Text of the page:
Auto-suggest helps you quickly narrow down your search results by suggesting possible matches as you type.

Showing results for

- Home
- /
- Programming
- /
- SAS Procedures
- /
- proc logistic multivariate model--finding n for each variable

- RSS Feed
- Mark Topic as New
- Mark Topic as Read
- Float this Topic for Current User
- Bookmark
- Subscribe
- Mute
- Printer Friendly Page

- Mark as New
- Bookmark
- Subscribe
- Mute
- RSS Feed
- Permalink
- Report Inappropriate Content

Posted 09-24-2015 03:35 PM
(824 views)

I'm doing a proc logistic and trying to figure out how to determine the frequencies of each variable used in my final model. The output tells me the number of observations read, but is there a way to know how the 'n' of each variable in my multivariate model?

4 REPLIES 4

- Mark as New
- Bookmark
- Subscribe
- Mute
- RSS Feed
- Permalink
- Report Inappropriate Content

If I am understanding this question correctly, you want to know how many observations are used for each variable of your model. I believe the answer is the same for all variables and will be the one that you already have. If a given value is missing for a single variable, then even if there is data for the other variables, the entire observation will be dropped from the model calculations. So any observation with missing values for variables included in your model will be dropped. You should look into handling missing data so that you can fill these missing values before hand with imputed values.

Best of luck,

Daniel

- Mark as New
- Bookmark
- Subscribe
- Mute
- RSS Feed
- Permalink
- Report Inappropriate Content

Hmm I included the code below and specified that observations are dropped for the variables in the model. However, I've seen tables in many publications where the 'n' is listed for variables in unadjusted and adjusted models. And the variables in the adjusted models have different 'n' values.

**proc** **logistic** descending data=meley.burum7; /*MODEL 1*/

model exclusive= mbmi /*keep*/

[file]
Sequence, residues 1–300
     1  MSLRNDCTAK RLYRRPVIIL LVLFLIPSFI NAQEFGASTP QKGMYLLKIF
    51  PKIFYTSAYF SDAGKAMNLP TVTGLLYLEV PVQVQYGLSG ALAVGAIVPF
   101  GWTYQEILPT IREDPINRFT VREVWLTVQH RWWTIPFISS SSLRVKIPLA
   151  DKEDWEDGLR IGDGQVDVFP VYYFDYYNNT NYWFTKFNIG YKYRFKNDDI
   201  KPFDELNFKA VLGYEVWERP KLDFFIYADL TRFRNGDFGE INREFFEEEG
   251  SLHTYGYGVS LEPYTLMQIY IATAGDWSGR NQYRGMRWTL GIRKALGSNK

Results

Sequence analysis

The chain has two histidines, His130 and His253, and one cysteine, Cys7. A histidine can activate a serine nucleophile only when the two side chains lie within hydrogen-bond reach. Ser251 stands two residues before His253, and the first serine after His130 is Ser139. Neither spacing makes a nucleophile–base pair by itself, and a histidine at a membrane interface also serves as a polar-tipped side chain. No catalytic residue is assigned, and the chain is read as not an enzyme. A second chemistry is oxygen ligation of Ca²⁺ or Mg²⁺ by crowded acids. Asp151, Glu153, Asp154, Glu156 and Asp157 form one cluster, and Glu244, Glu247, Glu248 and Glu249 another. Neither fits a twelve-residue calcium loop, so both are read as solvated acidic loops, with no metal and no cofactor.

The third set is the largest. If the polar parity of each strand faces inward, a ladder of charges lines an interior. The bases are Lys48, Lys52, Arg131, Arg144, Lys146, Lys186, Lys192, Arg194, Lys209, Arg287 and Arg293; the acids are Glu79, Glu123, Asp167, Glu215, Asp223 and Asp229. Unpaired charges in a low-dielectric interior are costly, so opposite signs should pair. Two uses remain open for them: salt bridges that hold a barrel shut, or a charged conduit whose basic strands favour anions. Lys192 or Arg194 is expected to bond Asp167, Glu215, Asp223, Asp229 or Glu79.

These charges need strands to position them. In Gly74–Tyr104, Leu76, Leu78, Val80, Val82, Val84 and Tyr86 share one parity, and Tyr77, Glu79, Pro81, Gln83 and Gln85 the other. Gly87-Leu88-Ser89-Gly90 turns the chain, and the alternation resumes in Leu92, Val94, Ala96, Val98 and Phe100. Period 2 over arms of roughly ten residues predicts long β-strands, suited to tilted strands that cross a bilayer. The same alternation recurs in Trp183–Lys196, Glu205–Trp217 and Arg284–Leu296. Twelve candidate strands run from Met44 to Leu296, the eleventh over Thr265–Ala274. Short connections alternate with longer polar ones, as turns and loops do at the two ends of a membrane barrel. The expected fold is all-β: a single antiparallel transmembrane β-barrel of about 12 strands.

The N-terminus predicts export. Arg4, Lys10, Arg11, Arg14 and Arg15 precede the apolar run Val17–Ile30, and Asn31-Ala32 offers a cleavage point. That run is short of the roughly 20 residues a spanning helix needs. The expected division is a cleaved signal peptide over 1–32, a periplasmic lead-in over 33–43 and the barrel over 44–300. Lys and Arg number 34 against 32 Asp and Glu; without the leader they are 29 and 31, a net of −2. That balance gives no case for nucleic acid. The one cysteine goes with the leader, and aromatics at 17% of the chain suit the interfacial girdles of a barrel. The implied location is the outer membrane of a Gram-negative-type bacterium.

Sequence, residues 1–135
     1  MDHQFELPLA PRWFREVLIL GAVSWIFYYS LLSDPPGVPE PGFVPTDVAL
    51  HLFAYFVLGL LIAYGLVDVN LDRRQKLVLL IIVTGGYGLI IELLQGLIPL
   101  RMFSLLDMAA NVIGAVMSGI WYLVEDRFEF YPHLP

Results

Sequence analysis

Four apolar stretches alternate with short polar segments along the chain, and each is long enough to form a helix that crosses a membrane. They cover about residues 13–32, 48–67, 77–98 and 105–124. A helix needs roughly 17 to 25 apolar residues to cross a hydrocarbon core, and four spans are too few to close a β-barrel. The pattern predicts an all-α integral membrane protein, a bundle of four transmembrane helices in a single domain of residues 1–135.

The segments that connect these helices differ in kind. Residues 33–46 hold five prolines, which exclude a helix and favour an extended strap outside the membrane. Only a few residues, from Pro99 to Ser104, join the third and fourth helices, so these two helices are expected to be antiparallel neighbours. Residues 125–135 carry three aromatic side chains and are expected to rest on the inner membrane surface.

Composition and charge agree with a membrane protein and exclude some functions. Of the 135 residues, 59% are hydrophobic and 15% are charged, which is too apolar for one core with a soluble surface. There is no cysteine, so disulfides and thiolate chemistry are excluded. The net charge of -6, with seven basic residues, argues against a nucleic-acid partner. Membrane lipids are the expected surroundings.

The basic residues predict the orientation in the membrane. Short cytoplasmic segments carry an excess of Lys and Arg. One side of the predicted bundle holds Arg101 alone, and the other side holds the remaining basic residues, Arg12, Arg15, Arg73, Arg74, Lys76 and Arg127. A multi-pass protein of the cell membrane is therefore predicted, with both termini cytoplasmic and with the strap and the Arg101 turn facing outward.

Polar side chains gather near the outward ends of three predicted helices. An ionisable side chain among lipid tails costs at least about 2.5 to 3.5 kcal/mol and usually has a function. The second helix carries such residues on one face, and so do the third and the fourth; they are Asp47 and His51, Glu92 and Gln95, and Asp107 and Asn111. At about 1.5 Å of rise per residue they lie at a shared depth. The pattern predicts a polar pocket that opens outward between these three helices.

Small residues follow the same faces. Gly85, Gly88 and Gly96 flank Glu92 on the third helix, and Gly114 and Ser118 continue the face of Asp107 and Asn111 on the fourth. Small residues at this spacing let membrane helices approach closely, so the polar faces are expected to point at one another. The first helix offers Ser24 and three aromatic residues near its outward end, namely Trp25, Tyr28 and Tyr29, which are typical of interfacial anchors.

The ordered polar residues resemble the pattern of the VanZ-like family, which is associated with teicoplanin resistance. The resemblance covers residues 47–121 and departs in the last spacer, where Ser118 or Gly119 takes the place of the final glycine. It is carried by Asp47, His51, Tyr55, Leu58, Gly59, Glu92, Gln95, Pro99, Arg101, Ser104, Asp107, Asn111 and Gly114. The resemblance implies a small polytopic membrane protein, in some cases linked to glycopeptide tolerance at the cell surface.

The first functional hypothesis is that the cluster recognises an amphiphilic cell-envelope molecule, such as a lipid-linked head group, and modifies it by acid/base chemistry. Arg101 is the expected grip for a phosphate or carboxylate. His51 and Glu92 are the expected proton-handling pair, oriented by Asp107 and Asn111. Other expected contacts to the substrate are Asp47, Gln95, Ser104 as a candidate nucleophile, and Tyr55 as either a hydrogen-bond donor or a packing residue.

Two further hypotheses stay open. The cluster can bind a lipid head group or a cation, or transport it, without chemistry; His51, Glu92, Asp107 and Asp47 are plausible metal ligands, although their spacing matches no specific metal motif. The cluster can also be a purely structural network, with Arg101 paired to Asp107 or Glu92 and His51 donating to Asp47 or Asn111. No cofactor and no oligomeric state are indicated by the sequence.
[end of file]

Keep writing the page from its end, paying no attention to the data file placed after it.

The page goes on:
childage /*keep*/

primi /*keep*/

/*married not_married_partner*/

/*dailyincome2*/

Q38_Borrowed_money_from_others

/*Read_or_Write*/

Lib_lessthan8 Lib_morethan8 Gha_zone1112 /*ACC: Time living in Ghana with 4 groups*/

mom_age;

where exclusive ne **.** and mbmi ne **.** and childage ne **.** and primi ne **.** and marital_status_model2 ne **.** and dailyincome2 ne **.**

and Read_or_Write ne **.** and Q38_Borrowed_money_from_others ne **.** and acc25_timeinghana ne **.** and mom_age ne **.** ; **run**;

- Mark as New
- Bookmark
- Subscribe
- Mute
- RSS Feed
- Permalink
- Report Inappropriate Content

That would mean that your cohort isn't the same across your analysis which implies unfair model comparisons to me. I could be wrong of course...

- Mark as New
- Bookmark
- Subscribe
- Mute
- RSS Feed
- Permalink
- Report Inappropriate Content

The problem is that if a record is missing observations, then comparing it to those that are not is like comparing apples and oranges. For example, if you are predicting exclusive and have trained your model and found that both childage and primi are very influential in predicting exclusive. Then if you have one observation that has records for both childage and primi and one record that is missing a value for primi, then it would be inconsistent to use the same model to predict both records. This has to do with the fact that when you are calculating model coefficients, you are finding the impact of any independent variable on the dependent variable while holding all other independent variables constant. If you don't have those other variables (due to missing values), then really what you have is a completely different model e.g. y=x_1+x_2 vs. y=x_1. So the 'n' or number of observations for your model should be the same for all variables used in your model. I am not sure what you have seen in other publications, perhaps they were running multiple experiments with different cohorts and then comparing them? By default, SAS will drop any observations with missing values that are used in the model for this reason. I hope that helps.

Best,

Daniel

Registration is open! SAS is returning to Vegas for an AI and analytics experience like no other! Whether you're an executive, manager, end user or SAS partner, SAS Innovate is designed for everyone on your team. Register for just $495 by 12/31/2023.

**If you are interested in speaking, there is still time to submit a session idea. More details are posted on the website. **

What is Bayesian Analysis?

Learn the difference between classical and Bayesian statistical approaches and see a few PROC examples to perform Bayesian analysis in this video.

Find more tutorials on the SAS Users YouTube channel.